Economic restructuring and renewal depends not only on effective policies, but also on the right data to forge those policies. A recent concern voiced not just by economists and investors but by the ruling Liberal Democratic Party itself has called into question some of the data on which the government bases its decisions. Whether the figures are reliable is hard to determine, but greater transparency in the process is greatly needed.
As the Bank of Japan forges ahead with a stimulus program in hopes of reigniting the economy, its methods of determining consequences is extremely important. Insufficient or unclear data mean that the effects are not fact-based but ideologically driven. The same applies to the consumption tax hike planned for April 2017, as well as other indicators for recessions and growth. In all those areas, understanding the consequences of government actions depends on verifiable, reliable and openly published data.
Though the quality of the government’s data has been rapped in the past, recently that criticism has focused on a number of substantive issues. For example, last year, the first reports on GDP showed a recession in the third quarter. However, revised data released weeks later showed growth. Which one was right? Over the last decade or so, quarterly GDP figures have been revised by an average of 1.7 points. That may not matter much to the armchair economist, but the difference is significant and affects many other decisions.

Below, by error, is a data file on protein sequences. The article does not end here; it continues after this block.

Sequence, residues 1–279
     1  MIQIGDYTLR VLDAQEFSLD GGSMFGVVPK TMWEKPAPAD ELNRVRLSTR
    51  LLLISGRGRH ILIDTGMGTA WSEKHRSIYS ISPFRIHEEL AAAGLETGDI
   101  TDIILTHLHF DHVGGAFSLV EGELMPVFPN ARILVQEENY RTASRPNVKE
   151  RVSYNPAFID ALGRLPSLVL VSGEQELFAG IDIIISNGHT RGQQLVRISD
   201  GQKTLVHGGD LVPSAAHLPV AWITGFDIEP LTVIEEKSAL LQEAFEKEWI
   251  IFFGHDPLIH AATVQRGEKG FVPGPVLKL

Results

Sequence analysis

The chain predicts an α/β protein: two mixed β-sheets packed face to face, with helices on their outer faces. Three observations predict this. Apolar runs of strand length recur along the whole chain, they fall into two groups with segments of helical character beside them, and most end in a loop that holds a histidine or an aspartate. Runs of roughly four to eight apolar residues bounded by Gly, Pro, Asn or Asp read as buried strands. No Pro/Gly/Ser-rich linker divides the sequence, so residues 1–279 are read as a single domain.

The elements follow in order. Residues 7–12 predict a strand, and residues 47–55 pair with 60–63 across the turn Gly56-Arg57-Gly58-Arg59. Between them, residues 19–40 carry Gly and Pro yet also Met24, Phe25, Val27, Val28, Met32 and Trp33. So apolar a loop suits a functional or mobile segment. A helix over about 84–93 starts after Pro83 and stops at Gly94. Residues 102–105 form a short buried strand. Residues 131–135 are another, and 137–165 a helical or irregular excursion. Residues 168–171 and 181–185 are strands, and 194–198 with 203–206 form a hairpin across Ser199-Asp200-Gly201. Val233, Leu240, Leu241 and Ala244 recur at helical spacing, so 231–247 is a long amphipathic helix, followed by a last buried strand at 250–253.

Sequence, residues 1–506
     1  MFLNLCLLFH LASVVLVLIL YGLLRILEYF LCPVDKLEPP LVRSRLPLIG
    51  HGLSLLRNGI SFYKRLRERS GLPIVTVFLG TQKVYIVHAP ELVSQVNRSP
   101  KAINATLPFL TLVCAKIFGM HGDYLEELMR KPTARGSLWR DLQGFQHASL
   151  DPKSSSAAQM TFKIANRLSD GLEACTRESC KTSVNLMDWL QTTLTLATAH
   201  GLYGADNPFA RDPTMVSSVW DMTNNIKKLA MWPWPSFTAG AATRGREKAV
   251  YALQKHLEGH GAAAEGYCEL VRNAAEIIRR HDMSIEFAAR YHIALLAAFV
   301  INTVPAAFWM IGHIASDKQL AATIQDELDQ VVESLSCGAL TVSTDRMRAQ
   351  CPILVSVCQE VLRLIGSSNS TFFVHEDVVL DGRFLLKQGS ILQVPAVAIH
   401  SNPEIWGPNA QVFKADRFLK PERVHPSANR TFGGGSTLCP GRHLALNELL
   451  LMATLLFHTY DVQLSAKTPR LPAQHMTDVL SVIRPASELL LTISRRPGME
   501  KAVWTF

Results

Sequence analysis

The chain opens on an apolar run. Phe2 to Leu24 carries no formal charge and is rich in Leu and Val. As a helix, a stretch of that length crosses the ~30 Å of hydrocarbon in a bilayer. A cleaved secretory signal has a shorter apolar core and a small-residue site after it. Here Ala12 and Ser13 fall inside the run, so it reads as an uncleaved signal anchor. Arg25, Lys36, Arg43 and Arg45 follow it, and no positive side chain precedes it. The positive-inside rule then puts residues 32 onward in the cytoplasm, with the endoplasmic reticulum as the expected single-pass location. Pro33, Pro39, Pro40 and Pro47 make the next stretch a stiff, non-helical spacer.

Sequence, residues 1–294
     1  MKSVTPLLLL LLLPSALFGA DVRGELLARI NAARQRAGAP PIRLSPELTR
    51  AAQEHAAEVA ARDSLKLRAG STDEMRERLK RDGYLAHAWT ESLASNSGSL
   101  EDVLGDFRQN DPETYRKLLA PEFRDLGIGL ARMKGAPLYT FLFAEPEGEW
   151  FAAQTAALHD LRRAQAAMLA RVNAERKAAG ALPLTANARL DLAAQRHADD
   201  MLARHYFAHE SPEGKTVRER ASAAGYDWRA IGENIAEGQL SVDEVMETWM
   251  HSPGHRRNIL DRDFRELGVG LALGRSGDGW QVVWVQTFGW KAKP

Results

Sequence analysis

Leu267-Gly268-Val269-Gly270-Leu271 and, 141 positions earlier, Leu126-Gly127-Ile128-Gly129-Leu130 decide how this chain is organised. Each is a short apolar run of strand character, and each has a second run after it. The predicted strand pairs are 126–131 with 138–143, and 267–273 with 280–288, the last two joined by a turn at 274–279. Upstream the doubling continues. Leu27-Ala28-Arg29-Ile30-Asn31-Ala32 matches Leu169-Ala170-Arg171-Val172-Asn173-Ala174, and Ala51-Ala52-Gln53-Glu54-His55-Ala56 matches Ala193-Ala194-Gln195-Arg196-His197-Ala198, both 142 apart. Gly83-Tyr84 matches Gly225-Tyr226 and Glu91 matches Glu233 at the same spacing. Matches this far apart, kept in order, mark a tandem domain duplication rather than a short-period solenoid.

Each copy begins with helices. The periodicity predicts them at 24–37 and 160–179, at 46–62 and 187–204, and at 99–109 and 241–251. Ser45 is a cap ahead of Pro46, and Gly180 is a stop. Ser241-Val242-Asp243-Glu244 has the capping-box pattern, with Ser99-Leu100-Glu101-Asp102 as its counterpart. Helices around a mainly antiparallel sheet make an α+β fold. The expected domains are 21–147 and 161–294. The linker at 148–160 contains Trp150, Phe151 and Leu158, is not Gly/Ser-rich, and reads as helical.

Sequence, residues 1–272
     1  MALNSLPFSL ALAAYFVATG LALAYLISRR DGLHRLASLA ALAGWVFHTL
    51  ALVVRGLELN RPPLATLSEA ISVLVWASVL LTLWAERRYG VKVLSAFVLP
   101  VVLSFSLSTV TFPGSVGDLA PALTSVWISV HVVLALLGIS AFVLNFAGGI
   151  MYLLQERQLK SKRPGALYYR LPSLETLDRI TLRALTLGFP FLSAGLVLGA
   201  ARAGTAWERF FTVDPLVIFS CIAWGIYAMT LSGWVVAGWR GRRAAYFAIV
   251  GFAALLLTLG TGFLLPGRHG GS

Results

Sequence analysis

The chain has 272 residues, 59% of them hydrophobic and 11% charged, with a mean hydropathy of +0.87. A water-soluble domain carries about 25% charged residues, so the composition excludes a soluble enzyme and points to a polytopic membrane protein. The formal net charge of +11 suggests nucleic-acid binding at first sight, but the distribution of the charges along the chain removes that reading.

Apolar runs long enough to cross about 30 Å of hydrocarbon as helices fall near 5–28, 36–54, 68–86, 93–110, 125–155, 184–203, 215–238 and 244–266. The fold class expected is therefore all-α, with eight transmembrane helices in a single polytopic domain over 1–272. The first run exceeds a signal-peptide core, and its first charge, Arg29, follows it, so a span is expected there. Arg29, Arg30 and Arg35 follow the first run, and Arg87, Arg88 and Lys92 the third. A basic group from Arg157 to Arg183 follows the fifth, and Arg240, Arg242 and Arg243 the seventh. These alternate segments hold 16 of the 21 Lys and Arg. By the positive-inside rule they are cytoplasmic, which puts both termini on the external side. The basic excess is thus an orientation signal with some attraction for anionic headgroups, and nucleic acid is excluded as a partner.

Questions extend to other Cabinet Office research, such as on household spending, which has long been a measure of the Japanese economy. Determining household spending relies on retail sales data. According to many economists, the samples for that data may overemphasize elderly consumers and insufficiently consider other groups. The consumer price index has also failed to completely take into account online shopping.
The BOJ is eager to use its monetary policies to persuade companies to raise wages. But how wages are measured is open to criticism. If data about pay hikes are not reliable, then it is hard to evaluate the effects of the bank’s policies. The result is confusion rather than effective policymaking.
Economists are notorious for disagreeing about data, but it is hard to know which analysis of the data is most reasonable. The LDP wants to argue that its policies have been validated, while critics of Abenomics argue the policies have not been beneficial. However, without reliable data presented in a timely and transparent fashion, it is hard to say which side is right.
The government, in particular the Cabinet Office, needs to improve the quality of its statistics. The process of collecting data, analyzing it and implement policies based on that analysis is extremely important for the future of Japan’s economy.
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